Efficacy analyses were based on the full analysis set population, which consisted of all randomized patients who received at least one dose of the study medication and had a baseline measurement and at least one post-baseline measurement. The mixed effect model repeated measure (MMRM) analysis was performed to evaluate the superiority of evogliptin compared with the placebo in the primary efficacy endpoint (the change in the HbA1c level [%] after 24 weeks). The MMRM included the treatment group, the visit, the interaction between the treatment group and the visit, and severity (less than/greater than or equal to 8.0% of HbA1c level), which was a stratification factor, as fixed effects.
For the analysis of secondary efficacy endpoints, the MMRM and generalized linear mixed model (logistic GLMM) were constructed, or an analysis of covariance (ANCOVA) was performed.
The analysis model was evaluated using least square (LS) mean difference between treatment groups. The 95% confidence interval (CI) and P value corresponding to the LS mean and standard error (SE) of each treatment group and the LS mean difference between the treatment groups were presented. Furthermore, odds ratio, SE, 95% CI, and P value were presented as analysis results.
Safety analysis for comparison of incidence rates between treatment groups was performed using the chi-square test or Fisher’s exact test. All statistical analyses were conducted using SAS version 9.4 (SAS Institute, Cary, NC, USA).
Demographic characteristics of participants
The study disposition is summarized in Fig. 1. The trials were conducted in 34 centers of South Korea with 333 screened patients and 283 randomized patients (142 participants in the placebo group and 141 participants in the evogliptin group). In this study, 262 (92.58%) participants completed the main 24 weeks of the study, while 21 (7.42%) participants were discontinued (12 in the placebo group and nine in the evogliptin group). Among the 283 randomized participants, 234 were in the 28-week extension study (112 in the placebo group and 122 in the evogliptin group). Overall, 110 participants in the placebo group and 119 participants in the evogliptin group completed the 52-week trial.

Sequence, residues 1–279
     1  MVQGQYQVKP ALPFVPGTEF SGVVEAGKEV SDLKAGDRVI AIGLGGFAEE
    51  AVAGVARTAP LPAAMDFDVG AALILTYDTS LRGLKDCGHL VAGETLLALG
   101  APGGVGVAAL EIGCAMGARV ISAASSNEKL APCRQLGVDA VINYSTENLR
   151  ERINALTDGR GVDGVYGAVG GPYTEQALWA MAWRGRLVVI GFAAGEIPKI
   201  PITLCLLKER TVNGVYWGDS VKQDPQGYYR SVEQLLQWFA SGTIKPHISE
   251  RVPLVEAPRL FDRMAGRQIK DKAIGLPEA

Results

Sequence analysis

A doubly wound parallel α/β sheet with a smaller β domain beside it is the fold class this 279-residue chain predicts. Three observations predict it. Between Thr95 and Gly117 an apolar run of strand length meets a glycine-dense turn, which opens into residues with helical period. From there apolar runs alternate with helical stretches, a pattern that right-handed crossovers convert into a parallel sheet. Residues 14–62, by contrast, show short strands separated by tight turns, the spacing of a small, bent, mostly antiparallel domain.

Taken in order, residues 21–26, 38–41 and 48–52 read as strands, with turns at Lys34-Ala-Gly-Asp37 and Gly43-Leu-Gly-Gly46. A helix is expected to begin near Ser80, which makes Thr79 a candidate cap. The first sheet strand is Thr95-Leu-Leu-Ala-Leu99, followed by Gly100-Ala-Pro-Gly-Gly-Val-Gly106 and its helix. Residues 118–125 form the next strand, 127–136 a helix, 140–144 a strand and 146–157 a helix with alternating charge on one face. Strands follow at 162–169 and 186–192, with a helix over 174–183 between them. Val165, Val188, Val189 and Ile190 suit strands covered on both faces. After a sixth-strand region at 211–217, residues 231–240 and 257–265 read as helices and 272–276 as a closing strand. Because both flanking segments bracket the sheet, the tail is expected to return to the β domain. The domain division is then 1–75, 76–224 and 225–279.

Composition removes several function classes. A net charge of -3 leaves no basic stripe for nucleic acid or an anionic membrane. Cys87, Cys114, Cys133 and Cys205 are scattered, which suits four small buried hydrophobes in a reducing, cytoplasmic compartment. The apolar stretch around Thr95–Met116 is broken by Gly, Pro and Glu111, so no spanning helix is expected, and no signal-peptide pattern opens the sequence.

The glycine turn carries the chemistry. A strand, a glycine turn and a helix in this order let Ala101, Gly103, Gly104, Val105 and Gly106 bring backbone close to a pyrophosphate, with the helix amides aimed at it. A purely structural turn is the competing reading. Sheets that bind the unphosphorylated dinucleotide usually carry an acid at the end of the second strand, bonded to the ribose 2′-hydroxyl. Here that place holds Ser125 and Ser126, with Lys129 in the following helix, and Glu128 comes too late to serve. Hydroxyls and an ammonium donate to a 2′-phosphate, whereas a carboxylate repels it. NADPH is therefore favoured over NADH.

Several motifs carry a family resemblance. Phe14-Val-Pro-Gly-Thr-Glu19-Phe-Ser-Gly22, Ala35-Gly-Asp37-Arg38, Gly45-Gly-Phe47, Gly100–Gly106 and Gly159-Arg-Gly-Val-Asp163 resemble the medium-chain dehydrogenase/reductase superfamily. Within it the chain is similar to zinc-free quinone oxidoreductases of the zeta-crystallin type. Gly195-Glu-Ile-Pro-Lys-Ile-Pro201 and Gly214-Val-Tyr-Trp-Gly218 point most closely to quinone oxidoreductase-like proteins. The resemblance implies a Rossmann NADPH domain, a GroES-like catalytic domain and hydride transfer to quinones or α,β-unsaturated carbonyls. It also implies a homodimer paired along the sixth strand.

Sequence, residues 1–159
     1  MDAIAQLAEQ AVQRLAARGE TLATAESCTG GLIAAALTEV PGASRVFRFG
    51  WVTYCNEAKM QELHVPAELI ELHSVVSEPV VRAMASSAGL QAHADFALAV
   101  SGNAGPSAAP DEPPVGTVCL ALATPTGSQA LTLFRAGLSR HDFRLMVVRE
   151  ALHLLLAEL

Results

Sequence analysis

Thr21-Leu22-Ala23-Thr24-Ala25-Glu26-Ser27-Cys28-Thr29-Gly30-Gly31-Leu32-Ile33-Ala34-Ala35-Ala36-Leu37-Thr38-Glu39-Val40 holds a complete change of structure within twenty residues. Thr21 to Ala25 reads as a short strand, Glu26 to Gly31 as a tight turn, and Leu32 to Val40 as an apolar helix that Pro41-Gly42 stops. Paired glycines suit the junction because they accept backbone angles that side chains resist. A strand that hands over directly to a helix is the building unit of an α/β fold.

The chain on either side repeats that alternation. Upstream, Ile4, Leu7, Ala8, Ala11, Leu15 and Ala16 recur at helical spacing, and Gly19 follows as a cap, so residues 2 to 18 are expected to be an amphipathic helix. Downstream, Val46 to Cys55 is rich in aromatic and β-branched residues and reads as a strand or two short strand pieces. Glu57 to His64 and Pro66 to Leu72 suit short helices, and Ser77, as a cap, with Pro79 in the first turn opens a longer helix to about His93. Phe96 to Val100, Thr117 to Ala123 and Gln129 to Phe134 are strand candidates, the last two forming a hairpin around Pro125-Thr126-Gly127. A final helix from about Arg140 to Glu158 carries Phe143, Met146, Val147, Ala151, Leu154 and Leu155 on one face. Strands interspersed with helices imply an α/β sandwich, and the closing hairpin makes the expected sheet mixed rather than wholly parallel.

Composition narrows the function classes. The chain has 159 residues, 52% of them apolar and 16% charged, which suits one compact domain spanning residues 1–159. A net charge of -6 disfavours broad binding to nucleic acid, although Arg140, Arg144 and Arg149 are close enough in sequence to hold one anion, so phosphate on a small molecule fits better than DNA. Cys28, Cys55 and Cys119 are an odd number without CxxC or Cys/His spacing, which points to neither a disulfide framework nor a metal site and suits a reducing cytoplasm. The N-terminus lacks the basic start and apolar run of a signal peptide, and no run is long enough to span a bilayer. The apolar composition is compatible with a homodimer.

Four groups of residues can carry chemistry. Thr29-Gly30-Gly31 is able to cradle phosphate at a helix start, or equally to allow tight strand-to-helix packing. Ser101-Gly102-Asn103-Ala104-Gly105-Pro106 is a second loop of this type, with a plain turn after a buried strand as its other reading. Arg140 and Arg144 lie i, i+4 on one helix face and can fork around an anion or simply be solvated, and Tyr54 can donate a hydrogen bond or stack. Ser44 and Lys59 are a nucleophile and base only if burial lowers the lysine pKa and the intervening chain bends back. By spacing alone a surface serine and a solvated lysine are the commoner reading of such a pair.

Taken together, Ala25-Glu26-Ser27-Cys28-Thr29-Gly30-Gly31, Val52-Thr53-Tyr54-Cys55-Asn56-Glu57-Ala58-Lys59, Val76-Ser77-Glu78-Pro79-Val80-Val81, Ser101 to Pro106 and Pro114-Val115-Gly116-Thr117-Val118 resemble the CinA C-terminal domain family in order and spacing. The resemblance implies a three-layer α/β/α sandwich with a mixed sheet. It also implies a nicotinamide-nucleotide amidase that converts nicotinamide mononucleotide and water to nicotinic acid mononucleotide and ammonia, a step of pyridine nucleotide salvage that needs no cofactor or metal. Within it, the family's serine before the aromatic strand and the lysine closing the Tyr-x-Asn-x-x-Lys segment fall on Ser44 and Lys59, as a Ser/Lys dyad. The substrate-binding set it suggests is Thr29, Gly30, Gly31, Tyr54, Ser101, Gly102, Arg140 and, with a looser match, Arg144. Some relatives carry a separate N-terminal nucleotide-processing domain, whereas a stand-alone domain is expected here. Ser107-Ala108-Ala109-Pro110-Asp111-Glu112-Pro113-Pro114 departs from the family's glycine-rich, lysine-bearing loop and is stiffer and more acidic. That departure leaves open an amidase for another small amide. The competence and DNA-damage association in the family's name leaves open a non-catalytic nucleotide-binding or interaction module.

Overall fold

The baseline demographics of the participants were similar between the two groups (Table 1) The mean age of the participants was 56.65 years, 59.72% of which were males (n=169). The mean body weight and BMI at baseline were 70.91 kg and 25.93 kg/m2, respectively. The average disease duration of T2DM was 10.29 years. The mean HbA1c level was 7.91%, and the mean estimated glomerular filtration rate was 93.05 mL/min/ 1.73 m2.
Primary efficacy endpoint
Evogliptin treatment significantly decreased HbA1c levels at week 24 compared with the baseline (LS mean±SE, –0.69%±0.05%) and was superior compared to placebo (–0.04%±0.05%). The LS mean difference between the two groups at 24 weeks was –0.65±0.07 (95% CI, –0.79 to –0.51) (P<0.0001) (Fig. 2).
Secondary efficacy endpoint
Glucose-lowering effects of evogliptin were maintained in the 28-week extension period. The LS mean change (±SE) in HbA1c levels compared with the baseline was –0.59%±0.06% in the evogliptin group and –0.04%±0.06% in the placebo group at week 52. The LS mean difference between the two groups at 52 weeks was –0.55±0.08 (95% CI, –0.71 to –0.39; P<0.0001) (Fig. 2).